Reserve Bank Of Australia Acts To Stimulate Growth

Arguably, Australia was the major economy least affected by the Global Financial Crisis. It managed to avoid a recession, but growth was cut significantly, of course and it was one of the first nations to tighten monetary policy by raising interest rates. Unemployment stands at 6.1% which is below the long-term average figure of 6.9% (between 1978 and 2015) and compares reasonably well with other major economies (USA 5.5%; UK 5.6%; Eurozone 11.3%).

Much of the economic strength of Australia is due to its mining industry and the export of raw materials. However, demand for these materials has weakened due to weakness in the global marketplace for finished products which, naturally, weakens demand for the precursor materials (and has the effect of putting downwards pressure on raw materials prices as well).

The recent relative strength of the Australian Dollar and a poorer than expected trade deficit figure were two of the reasons put forward as to why the Reserve Bank of Australia (RBA) has cut interest rates by a further 0.25% (the second such cut since February) to a record low of 2% – this rate is still vastly higher than US, EU or UK central bank interest rates, of course. It will make the cost of borrowing dip and, hopefully, help to stimulate businesses to expand. It should also move the AUD lower against the US Dollar, but as raw material prices are quoted in US Dollars, it will not make them cheaper, but will improve produce profits when US Dollar revenues are repatriated to Australia and converted to Aussie Dollars.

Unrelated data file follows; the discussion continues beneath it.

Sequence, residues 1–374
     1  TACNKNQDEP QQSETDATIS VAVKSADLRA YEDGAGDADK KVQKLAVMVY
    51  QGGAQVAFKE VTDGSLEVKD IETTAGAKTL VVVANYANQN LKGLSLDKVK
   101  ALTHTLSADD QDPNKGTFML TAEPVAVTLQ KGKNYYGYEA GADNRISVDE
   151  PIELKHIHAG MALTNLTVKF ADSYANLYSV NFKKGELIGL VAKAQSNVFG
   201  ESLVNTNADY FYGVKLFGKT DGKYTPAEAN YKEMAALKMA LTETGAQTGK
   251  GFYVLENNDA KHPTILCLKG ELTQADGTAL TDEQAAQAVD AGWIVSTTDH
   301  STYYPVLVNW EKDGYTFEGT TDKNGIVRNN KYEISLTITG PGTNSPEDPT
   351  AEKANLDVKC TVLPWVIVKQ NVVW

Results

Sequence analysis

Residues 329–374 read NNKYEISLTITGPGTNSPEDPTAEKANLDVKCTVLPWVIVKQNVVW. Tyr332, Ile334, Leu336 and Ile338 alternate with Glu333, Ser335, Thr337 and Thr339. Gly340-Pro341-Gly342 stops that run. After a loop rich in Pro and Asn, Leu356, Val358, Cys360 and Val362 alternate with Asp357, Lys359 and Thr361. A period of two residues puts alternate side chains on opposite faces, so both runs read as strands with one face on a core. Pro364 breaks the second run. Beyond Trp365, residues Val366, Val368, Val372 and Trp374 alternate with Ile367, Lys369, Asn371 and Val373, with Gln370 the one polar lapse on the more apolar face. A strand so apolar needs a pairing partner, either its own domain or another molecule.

It is suggested that continuing declines in raw material prices due to weak demand, notably from China, probably mean that RBA will engage in further softening of its monetary policy later this year.

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Author: Travis Esquivel

Travis Esquivel is an engineer, passionate soccer player and full-time dad. He enjoys writing about innovation and technology from time to time.

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